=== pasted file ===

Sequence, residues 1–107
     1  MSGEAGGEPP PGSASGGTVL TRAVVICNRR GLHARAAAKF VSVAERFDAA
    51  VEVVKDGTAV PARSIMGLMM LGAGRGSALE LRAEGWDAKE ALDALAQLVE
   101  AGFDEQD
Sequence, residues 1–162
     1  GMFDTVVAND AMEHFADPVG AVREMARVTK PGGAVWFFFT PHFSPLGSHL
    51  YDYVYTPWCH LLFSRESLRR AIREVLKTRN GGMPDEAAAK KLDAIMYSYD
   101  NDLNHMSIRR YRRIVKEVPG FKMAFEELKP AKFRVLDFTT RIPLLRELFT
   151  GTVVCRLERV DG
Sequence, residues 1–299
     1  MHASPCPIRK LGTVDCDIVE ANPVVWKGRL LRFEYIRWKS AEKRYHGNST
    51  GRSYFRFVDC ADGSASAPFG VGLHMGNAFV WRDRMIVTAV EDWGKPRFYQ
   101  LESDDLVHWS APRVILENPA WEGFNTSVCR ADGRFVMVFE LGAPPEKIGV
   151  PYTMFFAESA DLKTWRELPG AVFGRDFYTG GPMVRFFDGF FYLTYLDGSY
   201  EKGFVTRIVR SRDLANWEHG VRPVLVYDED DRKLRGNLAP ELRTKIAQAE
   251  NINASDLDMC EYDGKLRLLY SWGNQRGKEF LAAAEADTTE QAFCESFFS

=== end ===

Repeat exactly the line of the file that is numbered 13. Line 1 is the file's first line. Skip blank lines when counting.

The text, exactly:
   101  LESDDLVHWS APRVILENPA WEGFNTSVCR ADGRFVMVFE LGAPPEKIGV